Dr. Mbagwu completed his ophthalmology residency at Northwestern University and a transitional year internship at Presence Resurrection Medical Center in Chicago. He completed his MD from Northwestern University Feinberg School of Medicine. During that time, he had the opportunity to complete a grant-supported research year serving as Lead Project Coordinator for a National Eye Institute-funded study. He helped develop clinical data mining tools to characterize disparities in eye care using an assembly of electronic health records from several health care institutions in the Chicagoland area. This also gave him an interest in further exploring the intersection of technology, innovation, and healthcare delivery. Dr. Mbagwu attended The Ohio State University for his undergraduate studies, where he developed his deep interest in Big Data/informatics, working at several institutions including the Air Force Research Laboratory (AFRL), Harvard/Brigham and Women's Hospital, and Stanford University on a variety of data-driven research projects. In his free time, Dr. Mbagwu enjoys running, travel, and watching college football.
2019-2020 OPHTHALMIC INNOVATION FELLOW
Aaron Webel, MD, MBA
Aaron Webel, MD, MBA, was the 2019-2020 Ophthalmic Innovation Fellow. He recently finished his clinical glaucoma fellowship at the Bascom Palmer Eye Institute, and prior to that completed his ophthalmology residency at the University of Florida. He is a graduate of the MD/MBA dual degree program at the University of North Carolina School of Medicine and Kenan-Flagler Business School. He joined Hatteras Venture Partners in Durham, NC as the Discovery Fellow where he provided strategic ophthalmic disease target recommendations for the novel injection technology developed by one of their ophthalmology portfolio companies. He has a keen interest in ophthalmic medical device research and was recently a co-principal investigator on a University of Florida Opportunity Seed Fund grant to develop a novel implantable thin-film intraocular pressure sensor. Aaron’s current interests include development of minimally invasive glaucoma drainage device technologies with a goal of greater predictability and lower failure rates than current glaucoma surgical modalities. In his spare time, he enjoys playing ultimate frisbee and exploring the Bay Area with his wife Mackenzie and two daughters, Alta and Berit.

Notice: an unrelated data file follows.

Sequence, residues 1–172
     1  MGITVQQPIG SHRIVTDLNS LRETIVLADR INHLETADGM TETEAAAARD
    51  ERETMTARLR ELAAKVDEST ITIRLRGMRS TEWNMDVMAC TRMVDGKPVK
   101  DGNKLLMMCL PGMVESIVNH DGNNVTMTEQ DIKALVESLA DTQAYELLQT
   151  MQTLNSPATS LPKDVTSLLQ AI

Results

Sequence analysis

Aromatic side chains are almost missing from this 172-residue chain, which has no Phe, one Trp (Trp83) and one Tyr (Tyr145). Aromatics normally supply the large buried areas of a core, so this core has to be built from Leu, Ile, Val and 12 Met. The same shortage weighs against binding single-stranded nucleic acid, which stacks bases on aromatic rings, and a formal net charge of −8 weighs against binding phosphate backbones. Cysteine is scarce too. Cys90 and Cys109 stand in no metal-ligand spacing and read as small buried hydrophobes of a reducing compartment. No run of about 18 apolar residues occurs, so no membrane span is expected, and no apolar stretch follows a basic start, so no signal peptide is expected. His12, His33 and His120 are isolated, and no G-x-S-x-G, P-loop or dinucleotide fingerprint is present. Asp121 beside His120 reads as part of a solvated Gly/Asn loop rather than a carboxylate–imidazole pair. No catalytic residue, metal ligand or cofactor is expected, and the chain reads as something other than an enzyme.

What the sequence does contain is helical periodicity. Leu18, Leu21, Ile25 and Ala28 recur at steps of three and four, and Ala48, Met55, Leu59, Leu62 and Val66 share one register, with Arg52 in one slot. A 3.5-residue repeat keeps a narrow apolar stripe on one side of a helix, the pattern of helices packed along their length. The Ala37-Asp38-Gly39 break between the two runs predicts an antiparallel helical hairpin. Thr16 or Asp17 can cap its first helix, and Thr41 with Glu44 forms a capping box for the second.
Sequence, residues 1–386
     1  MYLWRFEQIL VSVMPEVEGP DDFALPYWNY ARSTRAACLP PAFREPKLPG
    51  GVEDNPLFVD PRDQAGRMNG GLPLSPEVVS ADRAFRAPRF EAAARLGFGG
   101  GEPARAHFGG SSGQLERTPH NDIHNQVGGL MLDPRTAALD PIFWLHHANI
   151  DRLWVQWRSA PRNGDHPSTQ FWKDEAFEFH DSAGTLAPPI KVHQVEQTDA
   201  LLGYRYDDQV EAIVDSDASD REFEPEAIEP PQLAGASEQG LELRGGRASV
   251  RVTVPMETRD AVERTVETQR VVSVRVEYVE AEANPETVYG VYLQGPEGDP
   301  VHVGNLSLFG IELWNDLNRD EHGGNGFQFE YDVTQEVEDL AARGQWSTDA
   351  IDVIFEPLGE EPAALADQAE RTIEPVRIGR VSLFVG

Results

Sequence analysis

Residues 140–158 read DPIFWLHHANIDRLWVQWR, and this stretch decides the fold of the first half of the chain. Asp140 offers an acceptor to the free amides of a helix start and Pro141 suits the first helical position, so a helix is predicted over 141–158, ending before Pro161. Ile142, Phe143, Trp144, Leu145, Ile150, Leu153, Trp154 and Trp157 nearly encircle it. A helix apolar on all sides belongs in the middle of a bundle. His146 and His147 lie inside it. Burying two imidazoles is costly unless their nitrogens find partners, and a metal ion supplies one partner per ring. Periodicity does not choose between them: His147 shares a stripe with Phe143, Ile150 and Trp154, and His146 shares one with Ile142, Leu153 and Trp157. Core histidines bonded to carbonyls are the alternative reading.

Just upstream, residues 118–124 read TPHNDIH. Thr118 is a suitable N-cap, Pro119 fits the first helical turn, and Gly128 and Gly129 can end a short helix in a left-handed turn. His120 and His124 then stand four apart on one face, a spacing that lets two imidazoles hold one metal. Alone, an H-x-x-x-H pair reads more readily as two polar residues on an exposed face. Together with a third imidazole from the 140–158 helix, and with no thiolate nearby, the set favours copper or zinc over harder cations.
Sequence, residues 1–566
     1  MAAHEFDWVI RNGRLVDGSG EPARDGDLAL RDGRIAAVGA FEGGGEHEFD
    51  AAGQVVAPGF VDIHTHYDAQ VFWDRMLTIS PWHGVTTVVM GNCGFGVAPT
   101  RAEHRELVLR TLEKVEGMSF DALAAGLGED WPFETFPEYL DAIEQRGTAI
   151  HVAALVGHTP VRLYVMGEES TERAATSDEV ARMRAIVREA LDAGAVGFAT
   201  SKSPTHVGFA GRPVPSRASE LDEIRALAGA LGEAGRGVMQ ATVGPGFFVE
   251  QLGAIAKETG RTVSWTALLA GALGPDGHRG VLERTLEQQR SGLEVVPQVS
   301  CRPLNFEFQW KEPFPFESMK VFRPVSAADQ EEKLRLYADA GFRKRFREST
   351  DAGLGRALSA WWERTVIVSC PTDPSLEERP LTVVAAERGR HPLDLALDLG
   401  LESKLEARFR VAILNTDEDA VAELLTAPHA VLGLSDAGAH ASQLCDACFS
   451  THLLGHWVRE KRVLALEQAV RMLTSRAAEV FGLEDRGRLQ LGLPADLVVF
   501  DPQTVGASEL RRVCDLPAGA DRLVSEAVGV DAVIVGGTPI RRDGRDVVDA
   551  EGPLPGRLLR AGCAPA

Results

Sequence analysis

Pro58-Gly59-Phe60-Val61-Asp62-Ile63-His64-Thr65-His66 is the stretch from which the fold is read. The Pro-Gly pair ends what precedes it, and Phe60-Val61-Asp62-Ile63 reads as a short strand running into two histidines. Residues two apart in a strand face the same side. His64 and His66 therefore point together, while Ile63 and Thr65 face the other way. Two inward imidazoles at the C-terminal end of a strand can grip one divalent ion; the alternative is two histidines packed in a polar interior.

2018-2019 OPHTHALMIC INNOVATION FELLOW
Frank Brodie, MD, MBA
Frank Brodie, MD, MBA, joined the Department of Ophthalmology as the 2018-19 Innovation Fellow. He completed his Ophthalmology residency at the University of California San Francisco. Prior to that, Frank was at Harbor UCLA for an internal medicine internship. He completed his MD and MBA at University of Pennsylvania School of Medicine and The Wharton School respectively. Frank is very active in translational research; during his residency, in conjunction with Caltech, he developed a device to assist patient head-positioning correctly after intraocular surgery. Frank also developed a system to provide custom glasses for children with craniofacial malformations using advance imaging technology coupled with 3D printing. Additionally, he has been working with scientists at Caltech to develop a novel method to prevent amblyopia and glaucoma in children born with congenital cataracts.
2017-2018 OPHTHALMIC INNOVATION FELLOW
Alexander Kreymerman, MS, PhD
Alexander Kreymerman holds an MS in molecular biology, a PhD in neuroscience, and has received scientific training within ophthalmology departments at University of Miami, University of California San Diego, and Stanford University. His major research projects and professional interests are focused on retinal regeneration and neuroprotection, the development of novel, high resolution, and minimally invasive intraoperative imaging and microscopy devices, as well as gene therapy, stem cells, and drug development for ocular pathologies. As the Innovation Fellow in the ophthalmology department, Alex pushed forward research that focused on gene therapy and stem cell technology for modeling and designing treatments in retinal dystrophies, as well as intraoperative imaging techniques for retinal and orbital surgery.
2016-2017 OPHTHALMIC INNOVATION FELLOW
Zachary Bodnar, MD
Dr. Bodnar was born and raised in Salt Lake City, Utah. He attended the Massachusetts Institute of Technology, where he earned a BS in electrical engineering and computer science, followed by a masters of engineering, also in electrical engineering and computer science. He worked for the enterprise software startup Endeca for several years, prior to its acquisition by Oracle, until he matriculated in Dartmouth Medical School where he earned his MD. Dr. Bodnar completed the Ophthalmic Pathology and Research fellowship at the John A. Moran Eye Center, at the University of Utah, internship in general surgery at the Mayo Clinic Hospital in Phoenix and residency in ophthalmology at Saint Louis University. His academic interests include machine vision, machine learning, digital signal processing and their applications to ophthalmic imaging and medical informatics. Dr. Bodnar was the first ophthalmic innovation fellow and continued on afterward at Stanford as a vitreoretinal fellow, which he completed in 2019.
Visionary Innovation Mentors
Leslie Bottorff, MBA
Daniel Ting, MBBS (Hons), M Med(Ophth), FAMS, PhD (UWA)
SINGAPORE NATIONAL EYE CENTER (SNEC)
DIRECTOR OF SINGAPORE HEALTH SERVICE (SINGHEALTH) AI OFFICE
SNEC CHIEF DIGITAL AND DATA OFFICER AND HEAD OF AI AND DIGITAL INNOVATION IN SINGAPORE EYE RESEARCH INSTITUTE (SERI)